(b) Does Cowboy make it out of the first round? Hate to put it like that, but he's lost five of his last six, and it hasn't been pretty. He's a betting favorite, but Lauzon is a smart fighter. 


JP: Dang, man. I like Cowboy so much so he’s my pick whether it’s a good one or not.


(c) Chandler won his UFC debut against Dan Hooker, then ran into the buzz saws who'll fight in the main event Saturday. Two guys really needing a win here. Does Ferguson have a shot? He’s a 4:1 dog.  


JP: I’m not a Chandler fan, but I think he gets the win. But a Ferguson victory could turn things around for him and really make things interesting.


(d) Thug Rose: She seems to be cleaning out the straw-weight division with two wins each over Joanna and that bad ass Chinese chick. Does Esparza have a shot? 


JP: I’m not sure why Carla is fighting Rose who has the belt right now, but whatevs.



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Jeremy Pinnell is touring his ass off. Catch a show, but don’t request “Uncle John’s Band.”


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Kevin’s plays for UFC 274, which are worth exactly what you’re paying for them:


Rose Namajunas (via decision) - +165


Joe Lauzon over Cowboy Cerrone - +150


Lauzon via submission - +700


Charles Oliveira over Gaethje -  -172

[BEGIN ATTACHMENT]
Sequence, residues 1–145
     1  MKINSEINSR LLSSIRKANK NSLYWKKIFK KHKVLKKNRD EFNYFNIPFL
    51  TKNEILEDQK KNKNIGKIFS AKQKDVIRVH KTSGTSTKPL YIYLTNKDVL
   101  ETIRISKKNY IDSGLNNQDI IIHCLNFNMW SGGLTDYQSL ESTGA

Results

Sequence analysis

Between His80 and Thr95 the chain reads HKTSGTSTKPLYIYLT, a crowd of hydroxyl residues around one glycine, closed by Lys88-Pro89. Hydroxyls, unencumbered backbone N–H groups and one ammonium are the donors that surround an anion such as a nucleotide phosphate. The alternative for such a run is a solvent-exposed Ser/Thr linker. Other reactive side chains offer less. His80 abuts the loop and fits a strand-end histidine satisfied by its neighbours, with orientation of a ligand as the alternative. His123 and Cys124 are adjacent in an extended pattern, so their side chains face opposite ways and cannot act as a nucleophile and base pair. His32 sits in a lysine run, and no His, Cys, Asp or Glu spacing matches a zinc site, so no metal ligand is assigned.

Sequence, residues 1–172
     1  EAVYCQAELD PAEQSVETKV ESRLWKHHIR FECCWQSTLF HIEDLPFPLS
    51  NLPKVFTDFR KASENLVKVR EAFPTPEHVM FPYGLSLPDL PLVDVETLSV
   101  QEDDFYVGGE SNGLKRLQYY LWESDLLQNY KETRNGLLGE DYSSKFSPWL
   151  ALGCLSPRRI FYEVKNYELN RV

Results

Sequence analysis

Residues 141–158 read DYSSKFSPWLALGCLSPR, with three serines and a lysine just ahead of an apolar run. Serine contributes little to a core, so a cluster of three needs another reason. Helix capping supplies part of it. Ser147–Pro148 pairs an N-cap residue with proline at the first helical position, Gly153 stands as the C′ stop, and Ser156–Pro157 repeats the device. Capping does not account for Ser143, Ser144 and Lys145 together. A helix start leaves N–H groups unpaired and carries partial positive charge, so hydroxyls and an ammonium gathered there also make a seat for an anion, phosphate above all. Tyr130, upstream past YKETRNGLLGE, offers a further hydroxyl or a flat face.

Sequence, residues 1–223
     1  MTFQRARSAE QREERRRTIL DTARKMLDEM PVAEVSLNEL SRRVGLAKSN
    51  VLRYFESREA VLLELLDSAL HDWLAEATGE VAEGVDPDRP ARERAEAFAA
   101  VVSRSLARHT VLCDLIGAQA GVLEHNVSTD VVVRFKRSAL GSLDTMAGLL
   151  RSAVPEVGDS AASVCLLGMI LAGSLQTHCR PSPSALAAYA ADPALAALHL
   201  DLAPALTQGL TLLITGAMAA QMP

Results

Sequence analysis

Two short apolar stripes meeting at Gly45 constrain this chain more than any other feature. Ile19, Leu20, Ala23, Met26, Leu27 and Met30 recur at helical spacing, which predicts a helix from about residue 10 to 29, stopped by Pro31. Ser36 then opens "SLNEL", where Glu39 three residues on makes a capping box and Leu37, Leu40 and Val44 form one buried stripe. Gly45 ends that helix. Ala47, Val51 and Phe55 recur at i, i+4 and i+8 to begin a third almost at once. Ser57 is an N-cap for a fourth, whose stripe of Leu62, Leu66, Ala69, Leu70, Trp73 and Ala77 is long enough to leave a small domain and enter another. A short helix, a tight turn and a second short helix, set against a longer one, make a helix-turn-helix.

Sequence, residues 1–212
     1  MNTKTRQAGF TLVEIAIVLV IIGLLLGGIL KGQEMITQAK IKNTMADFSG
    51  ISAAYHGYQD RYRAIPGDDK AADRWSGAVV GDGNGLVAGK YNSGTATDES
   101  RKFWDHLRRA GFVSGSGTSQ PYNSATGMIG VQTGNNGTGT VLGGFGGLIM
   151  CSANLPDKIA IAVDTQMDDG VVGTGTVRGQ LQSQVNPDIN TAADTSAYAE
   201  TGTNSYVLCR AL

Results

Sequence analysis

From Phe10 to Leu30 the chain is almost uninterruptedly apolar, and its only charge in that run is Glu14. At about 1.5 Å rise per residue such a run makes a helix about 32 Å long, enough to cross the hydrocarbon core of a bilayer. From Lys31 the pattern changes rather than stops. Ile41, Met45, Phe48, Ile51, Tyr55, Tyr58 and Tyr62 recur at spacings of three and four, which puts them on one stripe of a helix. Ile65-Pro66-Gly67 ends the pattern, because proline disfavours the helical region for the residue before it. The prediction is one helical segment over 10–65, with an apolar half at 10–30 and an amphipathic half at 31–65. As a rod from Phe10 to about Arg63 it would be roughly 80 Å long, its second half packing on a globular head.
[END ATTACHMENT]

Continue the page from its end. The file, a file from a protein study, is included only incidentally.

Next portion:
Apr 8, 2022

Mixed Music Action, Vol. 1 No. 2



By Kevin Broughton


This weekend marks another UFC pay per view event, so we check in with Brother Jeremy Pinnell. Fresh (well, maybe not so fresh) off a Thursday night gig opening for Dale Watson in The Bluff City, our partner was a little sassy this morning. (Note to self: don’t hassle a dude about deadlines if he could choke you unconscious.)


Let’s mix it up. 


Since last time, I’ve had a chance to listen to The Wilder Blue's self-titled album, and Ian Noe's River Fools and Mountain Saints. These seem like some hot rocks to me. Your thoughts?


I absolutely love that Ian Noe record. He’s an amazing songwriter. I haven’t had too much time to dig into The Wilder Blue but the harmonies are killer and they sound like some talented folks. It’s also 9:00 a.m. and we’re in Memphis so I’m a little out of it. I’ll apologize for my answers after being berated by you last night for a slow turn around.


Moving right along…Say you're a presenter at The Americana Awards. You make what you think is a harmless remark about a nominee's wife's bald head (my hypotheticals are laced with irony.) Husband approaches you, winding up for an open-hand slap. What's your best jiu-jitsu counter move, knowing you have to keep the show flowing?


Hahaha! If I saw said guy approaching, I’d probably close the distance. I’d maybe shoot a double leg and go side control to mount.  I’d control the position until security came or just try to keep distance. But I feel like that is a pretty threatening act which would call for immediate action.



I wasn't crazy about this UFC 273 card at first, but you kinda changed my mind. I think the Korean Zombie is kind of a weird matchup for Volkonovski. That could be a good fight, with the Zombie's length. The rematch of Yan vs. Sterling ought to be lit – given the controversial way Sterling “won” the belt. 



And Burns/Chimaev has potential for a great fight. What are you looking forward to in this PPV?


I was stoked on this card as soon as I saw it. Volkonovski is a banger but Zombie is a murderer. I think everyone knows Sterling doesn’t deserve that belt; he said it without saying it when they put it around him. His pace in the last fight was awful. I’m not a fan. Yan is obviously a way more measured fighter.